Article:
Why Huntington's Shows Up in Midlife
MONDAY June 15, 2009 -- New research from the University of Chicago may help clear up some of the mysteries of Huntington's disease, including why it affects the nervous system only during adulthood.
An inherited and incurable condition, Huntington's disease causes involuntary body movements and problems with mental processing, including dementia. The symptoms usually don't appear until middle age, and the disease is generally fatal 10 to 30 years after onset.
Research at the university's medical school shows that the mutated huntingtin gene, long known to cause the disease, switches on the JNK3 enzyme produced by neurons, the cells that process and carry signals through the nervous system. JNK3 weakens the ability of neurons to carry these messages.
When a person is young, the body's nervous system is strong and vital enough to overcome the enzyme's efforts to slow messaging. But as the person ages, the complex network of nerve trunks, or axons, starts to show wear and becomes more affected by the enzymes, the researchers explained.
"If you take a hit when you're very young, you still are making more and transporting more proteins in each neuron than you need," co-principal investigator Scott Brady, head of anatomy and cell biology at the University of Illinois at Chicago College of Medicine, said in a news release from the university. "But as you get older and older, the neuron produces and transports less. Each hit diminishes the system further. Eventually, the neuron falls below the threshold needed to maintain cell health."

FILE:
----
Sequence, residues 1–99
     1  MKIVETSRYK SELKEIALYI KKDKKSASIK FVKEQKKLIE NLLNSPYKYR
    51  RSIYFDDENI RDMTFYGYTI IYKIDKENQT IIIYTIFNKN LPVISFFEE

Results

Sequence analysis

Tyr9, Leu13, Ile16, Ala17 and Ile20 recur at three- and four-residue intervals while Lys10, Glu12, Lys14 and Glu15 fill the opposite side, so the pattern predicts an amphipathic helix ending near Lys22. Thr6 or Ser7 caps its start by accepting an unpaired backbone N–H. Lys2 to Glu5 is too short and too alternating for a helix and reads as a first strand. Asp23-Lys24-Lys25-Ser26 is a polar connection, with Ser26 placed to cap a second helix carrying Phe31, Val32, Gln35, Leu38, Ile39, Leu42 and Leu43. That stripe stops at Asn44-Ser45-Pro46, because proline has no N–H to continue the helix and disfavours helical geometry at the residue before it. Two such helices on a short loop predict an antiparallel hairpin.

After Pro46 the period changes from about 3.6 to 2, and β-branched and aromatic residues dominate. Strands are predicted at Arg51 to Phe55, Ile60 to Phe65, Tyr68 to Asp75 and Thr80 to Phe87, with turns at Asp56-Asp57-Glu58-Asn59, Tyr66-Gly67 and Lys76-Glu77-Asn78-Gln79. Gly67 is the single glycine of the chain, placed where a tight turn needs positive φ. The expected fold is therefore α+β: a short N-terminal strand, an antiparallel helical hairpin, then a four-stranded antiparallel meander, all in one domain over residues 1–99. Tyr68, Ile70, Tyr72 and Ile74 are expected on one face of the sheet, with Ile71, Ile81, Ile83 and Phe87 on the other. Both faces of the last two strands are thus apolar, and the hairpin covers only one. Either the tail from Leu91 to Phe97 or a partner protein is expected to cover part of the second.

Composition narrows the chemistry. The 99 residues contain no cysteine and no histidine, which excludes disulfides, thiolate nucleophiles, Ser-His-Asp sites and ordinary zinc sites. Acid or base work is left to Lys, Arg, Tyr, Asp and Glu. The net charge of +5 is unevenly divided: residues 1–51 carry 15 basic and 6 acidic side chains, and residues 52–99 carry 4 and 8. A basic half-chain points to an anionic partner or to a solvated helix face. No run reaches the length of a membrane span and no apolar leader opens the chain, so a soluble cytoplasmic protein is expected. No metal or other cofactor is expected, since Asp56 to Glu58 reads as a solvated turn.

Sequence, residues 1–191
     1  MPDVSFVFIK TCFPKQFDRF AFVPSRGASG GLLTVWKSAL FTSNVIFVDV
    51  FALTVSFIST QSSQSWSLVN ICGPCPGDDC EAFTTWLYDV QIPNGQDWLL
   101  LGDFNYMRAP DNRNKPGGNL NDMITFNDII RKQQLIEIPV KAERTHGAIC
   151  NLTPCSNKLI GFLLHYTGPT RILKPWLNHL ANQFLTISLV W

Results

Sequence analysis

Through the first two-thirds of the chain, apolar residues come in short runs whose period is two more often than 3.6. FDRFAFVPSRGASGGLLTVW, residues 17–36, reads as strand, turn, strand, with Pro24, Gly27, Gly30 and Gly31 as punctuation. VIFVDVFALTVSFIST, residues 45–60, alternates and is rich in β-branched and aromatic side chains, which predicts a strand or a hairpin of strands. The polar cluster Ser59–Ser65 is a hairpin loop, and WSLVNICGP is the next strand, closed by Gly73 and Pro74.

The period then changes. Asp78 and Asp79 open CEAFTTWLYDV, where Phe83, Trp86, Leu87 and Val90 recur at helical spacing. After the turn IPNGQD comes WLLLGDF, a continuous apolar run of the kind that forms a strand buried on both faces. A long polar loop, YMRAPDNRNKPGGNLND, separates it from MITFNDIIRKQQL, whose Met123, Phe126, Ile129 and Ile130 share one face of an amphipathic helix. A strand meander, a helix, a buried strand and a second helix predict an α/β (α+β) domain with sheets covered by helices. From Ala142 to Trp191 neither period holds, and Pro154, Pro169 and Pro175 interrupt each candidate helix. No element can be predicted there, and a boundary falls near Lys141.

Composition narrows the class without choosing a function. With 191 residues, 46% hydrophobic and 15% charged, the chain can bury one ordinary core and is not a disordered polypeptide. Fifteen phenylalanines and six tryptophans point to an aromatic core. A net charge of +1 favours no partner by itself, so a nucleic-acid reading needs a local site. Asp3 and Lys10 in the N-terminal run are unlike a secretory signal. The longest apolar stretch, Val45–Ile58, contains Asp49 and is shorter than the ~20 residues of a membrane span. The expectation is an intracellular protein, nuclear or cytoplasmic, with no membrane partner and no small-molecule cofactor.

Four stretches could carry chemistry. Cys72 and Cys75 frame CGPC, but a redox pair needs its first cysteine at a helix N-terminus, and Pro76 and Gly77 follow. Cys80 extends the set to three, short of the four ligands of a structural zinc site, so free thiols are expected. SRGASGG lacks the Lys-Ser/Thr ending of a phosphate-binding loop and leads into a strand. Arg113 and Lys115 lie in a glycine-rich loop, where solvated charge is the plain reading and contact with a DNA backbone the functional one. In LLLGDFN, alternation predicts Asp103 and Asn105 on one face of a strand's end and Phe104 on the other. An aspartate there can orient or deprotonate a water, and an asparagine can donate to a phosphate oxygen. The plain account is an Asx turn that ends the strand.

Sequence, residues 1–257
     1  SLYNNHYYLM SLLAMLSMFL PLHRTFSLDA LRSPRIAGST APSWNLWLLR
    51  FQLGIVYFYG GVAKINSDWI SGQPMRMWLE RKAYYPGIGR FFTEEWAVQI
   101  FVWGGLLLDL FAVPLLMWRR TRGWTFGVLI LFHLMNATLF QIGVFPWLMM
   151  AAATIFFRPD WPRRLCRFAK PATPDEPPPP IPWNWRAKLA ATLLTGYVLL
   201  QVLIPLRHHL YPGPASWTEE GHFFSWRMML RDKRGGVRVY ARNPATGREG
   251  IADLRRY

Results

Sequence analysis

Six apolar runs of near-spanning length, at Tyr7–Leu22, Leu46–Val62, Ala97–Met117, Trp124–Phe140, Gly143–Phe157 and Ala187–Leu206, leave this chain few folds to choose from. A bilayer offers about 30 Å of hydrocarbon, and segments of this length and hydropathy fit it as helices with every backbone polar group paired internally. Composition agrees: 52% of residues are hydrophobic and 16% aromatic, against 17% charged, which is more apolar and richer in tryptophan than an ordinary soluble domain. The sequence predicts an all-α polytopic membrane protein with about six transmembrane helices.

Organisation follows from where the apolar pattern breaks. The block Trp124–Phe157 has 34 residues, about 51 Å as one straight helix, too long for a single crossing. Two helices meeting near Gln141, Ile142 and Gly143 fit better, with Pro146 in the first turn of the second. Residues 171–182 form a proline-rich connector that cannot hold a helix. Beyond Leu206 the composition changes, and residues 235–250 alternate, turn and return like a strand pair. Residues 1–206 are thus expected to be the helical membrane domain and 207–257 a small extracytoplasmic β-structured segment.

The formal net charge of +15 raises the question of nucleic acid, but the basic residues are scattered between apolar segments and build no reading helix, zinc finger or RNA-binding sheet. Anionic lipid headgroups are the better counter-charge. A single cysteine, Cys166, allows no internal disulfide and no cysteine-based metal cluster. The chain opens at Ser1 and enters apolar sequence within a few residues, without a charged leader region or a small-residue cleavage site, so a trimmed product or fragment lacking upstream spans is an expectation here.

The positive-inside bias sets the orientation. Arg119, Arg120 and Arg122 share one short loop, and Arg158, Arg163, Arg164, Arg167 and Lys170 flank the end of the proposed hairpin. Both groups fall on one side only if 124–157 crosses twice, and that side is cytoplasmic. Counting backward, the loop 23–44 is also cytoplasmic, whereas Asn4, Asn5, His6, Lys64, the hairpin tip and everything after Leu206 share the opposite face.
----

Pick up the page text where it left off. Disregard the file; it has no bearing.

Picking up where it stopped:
With less and less signaling running through, the neurons begin to die, causing even fewer transmissions to go through and even more cell death, the study authors noted.
Similar gradual loss, the researchers found, occurs in other inherited neurodegenerative diseases that become active only in adults and in Alzheimer's disease.
"There is a common theme and a common Achilles' heel of the neuron that underlies all these diseases," Brady said. "We've invented a word, 'dysferopathy,' (from the Greek 'fero,' to carry or transport) for these adult-onset neurodegenerative diseases. All have disruption of the axonal transport system in common."
The findings appear online in Nature Neuroscience.
The U.S. National Institute of Neurological Disorders and Stroke has more on Huntington's disease.
Posted: June 2009